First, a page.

Wherever you go, the talk is about the next path-braking iPhone application. The conversation focuses on the latest meeting of Angel Investors and the thoughts focus on the latest one billion acquisition of Instagram by Facebook.
Face book paid one Billion for a company which was liberally valued at 100 Million at the most. At USD 1 Billion, the valuation of the Instagram by Facebook was almost 100 million for each of the 11 engineers in that company !!!!
Amazing. Let me say it again. Astounding....
I checked out Instagram on my Sister-in-Law's iPhone. I was impressed with the application. It is an application which you want to download (especially since it is free) and play around with. No wonder it had about 25 million users within a very short span of time.
Wherever you go, be it the restaurant, the gym or the nearby park, you overhear discussions that invariably focus on the following topics. Latest Startup in the valley, the newest applications that are being launched, the next meeting of angel investors who can provide funding to your venture or, the holy grail of a Silicon Valley Entrepreuner, the latest funding from a VC Fund...
Of course there may be failures. There may be startups that fold without funding, there may be applications that no one uses. But no one speaks about failures here.
Wherever you look in the valley, there is an overwhelming sense of Optimism, of Innovation and of new ideas. People walk with spring in their steps and light in their eyes.
It is contagious. You can't escape evolving into a different person. Version 2.0 as it were.
All these days, despite many of my friends having moved to US, I refused to budge. I thought that India is a pretty comfy place to be. And it is. But once I am here in the valley (for just three days), I am already a changed person.
I am more excited, optimistic, overawed and amazed at the kind of money and opportunities available. I look forward to the future as full of potential.
Looking at the cycle of effort and planning a startup has to go thru, and looking at the kind of efforts and rigorous planning that these guys put in and looking at the positive way in which they look at the whole process of the Startup Cycle (remember, for every startup that succeed, there are thousands out there that go out with a wimper), the positivity in this environment is electrifying.
Startups are the new Goldmines, they are the new Diamond mines and the Engineers and the technologists that develop new products and solutions are the new prospectors....
Let us raise a big toast to them for making our life more easy (mobile transfer of money), productive (all those task planning apps on the mobile platform) and happy (take a look at tomcat, won't you) and ridiculous (take your self picture with Instagram, and change it to a Black & White background).....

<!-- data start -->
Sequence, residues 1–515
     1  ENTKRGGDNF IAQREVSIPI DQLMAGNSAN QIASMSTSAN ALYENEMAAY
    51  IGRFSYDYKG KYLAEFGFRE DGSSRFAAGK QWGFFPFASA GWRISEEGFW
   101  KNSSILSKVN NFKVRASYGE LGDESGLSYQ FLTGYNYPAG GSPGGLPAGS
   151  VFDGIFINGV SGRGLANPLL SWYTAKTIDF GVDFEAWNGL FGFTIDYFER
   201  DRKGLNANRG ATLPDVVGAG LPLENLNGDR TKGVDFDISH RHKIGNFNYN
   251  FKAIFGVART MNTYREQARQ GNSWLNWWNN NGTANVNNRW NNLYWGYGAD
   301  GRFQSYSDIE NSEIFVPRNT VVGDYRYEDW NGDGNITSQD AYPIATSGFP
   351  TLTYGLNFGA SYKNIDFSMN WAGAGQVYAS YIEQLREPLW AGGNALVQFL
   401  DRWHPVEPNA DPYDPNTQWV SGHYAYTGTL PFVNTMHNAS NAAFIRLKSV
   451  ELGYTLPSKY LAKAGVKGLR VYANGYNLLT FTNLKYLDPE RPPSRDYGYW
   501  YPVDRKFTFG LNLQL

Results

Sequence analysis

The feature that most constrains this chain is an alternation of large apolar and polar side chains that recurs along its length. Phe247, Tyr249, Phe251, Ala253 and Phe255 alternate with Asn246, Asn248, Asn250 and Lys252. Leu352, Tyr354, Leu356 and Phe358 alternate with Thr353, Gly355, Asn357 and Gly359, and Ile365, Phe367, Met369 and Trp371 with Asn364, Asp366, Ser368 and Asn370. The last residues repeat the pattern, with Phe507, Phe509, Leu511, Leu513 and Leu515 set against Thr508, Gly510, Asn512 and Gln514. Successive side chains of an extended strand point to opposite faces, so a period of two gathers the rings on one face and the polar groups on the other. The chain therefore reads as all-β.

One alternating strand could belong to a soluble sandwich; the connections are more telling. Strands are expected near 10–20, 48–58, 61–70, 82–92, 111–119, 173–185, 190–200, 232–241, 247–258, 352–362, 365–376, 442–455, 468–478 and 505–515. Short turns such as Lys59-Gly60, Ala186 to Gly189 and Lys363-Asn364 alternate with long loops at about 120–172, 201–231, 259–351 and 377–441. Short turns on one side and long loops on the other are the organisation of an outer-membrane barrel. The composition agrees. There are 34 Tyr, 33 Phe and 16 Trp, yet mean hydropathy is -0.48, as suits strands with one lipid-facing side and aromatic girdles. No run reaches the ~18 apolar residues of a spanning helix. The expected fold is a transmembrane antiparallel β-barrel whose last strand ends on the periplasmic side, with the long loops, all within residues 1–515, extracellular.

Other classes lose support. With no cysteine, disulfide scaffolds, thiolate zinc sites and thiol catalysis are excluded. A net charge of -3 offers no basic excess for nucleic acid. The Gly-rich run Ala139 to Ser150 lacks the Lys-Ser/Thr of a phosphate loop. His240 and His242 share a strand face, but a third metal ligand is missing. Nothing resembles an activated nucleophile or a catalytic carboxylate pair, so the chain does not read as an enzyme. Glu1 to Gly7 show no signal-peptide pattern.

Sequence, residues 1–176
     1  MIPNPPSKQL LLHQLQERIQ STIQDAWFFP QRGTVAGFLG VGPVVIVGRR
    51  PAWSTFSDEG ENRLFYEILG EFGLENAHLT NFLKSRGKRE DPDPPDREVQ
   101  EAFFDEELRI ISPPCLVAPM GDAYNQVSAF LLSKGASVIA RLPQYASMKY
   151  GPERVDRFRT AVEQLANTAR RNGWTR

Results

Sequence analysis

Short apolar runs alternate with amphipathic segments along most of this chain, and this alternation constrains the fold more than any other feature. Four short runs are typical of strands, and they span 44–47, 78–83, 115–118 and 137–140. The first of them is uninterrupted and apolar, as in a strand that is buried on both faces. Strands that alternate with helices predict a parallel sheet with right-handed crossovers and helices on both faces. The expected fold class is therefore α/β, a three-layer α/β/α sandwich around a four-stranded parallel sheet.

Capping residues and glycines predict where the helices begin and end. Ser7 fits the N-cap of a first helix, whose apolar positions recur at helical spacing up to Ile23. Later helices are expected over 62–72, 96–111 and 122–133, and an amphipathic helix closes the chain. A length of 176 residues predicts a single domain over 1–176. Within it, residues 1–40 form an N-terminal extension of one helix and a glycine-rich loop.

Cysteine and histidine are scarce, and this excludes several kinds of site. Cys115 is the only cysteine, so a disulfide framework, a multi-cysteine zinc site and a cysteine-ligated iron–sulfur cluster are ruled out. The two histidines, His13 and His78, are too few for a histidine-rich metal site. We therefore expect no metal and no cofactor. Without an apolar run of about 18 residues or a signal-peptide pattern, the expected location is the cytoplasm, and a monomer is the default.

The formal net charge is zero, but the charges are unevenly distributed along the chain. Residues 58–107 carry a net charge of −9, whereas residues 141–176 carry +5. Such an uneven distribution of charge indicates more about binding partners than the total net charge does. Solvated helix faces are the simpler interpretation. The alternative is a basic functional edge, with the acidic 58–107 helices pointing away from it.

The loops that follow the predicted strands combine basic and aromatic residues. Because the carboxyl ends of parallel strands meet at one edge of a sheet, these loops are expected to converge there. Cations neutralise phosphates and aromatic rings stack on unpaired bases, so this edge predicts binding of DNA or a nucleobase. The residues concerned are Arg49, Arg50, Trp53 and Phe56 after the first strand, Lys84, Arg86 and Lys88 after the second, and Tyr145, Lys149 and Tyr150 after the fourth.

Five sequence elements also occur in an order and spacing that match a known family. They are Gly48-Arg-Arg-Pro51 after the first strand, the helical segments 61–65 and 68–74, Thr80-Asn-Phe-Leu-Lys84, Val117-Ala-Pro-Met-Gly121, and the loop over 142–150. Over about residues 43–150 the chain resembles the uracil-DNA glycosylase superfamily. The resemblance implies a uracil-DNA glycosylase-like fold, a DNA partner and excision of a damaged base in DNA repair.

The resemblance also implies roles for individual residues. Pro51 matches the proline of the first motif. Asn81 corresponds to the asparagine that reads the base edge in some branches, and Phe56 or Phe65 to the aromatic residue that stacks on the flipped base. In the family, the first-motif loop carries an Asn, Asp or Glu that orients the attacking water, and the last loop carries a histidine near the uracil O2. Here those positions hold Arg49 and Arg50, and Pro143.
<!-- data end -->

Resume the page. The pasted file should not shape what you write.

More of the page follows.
Keep up the good work, guys...Keep taking risks, the future is yours and it needs you...

19 April 2012

The stupid and the smart

"Every person has both good and bad in him", said Shad-e-manzil.
He was my taxi driver driving me from Buffalo to Batavia, with me trying to bring a disastrous day to a close. Shad was talking about Iraq and the mess that country is in, he being from Iraq.
While he was going about the co-existence of good and the bad in the same individual, I was wallowing in self pity thinking how  stupid could I be?.
Just take a look at how the day had panned out for me so far, won't you?
I had arranged to pick up a car from Hertz office at Buffalo Airport on 16th Afternoon. Since the days are longer in this part of the world at this time (we are talking of April in NY), I thought that I could easily pick the car at Buffalo and be back at Batavia before sundown.
Little did I know...
Batavia is about 50 miles from Buffalo. While the Grayhound bus charges $10.50 for this distance, a taxi will charge $105 for the same distance. However, bus services between Batavia and Buffalo are few and far between. There was one starting at 5.30 PM.
So, to save on costs, I decided to take the Grayhound bus.
The gray hound station is about 3 kilometers (less than 2 miles) from my house. To save on my taxi expenses, I decided to walk the distance.
'Walking is healthy option', I justified my stinginess to myself as I lugged myself.
I took the Grayhound and reached Buffalo at about 7.00 PM. The Grayhound bus terminal is about 30 minutes bus drive from the Airport. Taxi would charge me about 20 Dollars. So, to save money, I took a city bus from Grayhound terminal to the Airport. Ticket charges $1.75.
It was a smug, money saving me sitting in that city bus in buffalo that day.
You the reader, would have understood by now that I am subtly communicating that saving dollars is very important to me.
I heaved a sigh of relief as I reached Hertz premises by about 7.30 PM, still with good amount of sunlight. It should be simple just to pick a car and drive back to Batavia, I thought.
What complexities could be there in a simple process of renting a car, I thought. 
I was feeling pretty good at this point. I had had a healthy walk and I had made some good savings by using public transportation. Here is a smart guy, I thought to myself.
At the Hertz station, feeling all pumped up, I asked for the car. The lady at the counter asked me for the license.
That is when I realized that I had left my license at home.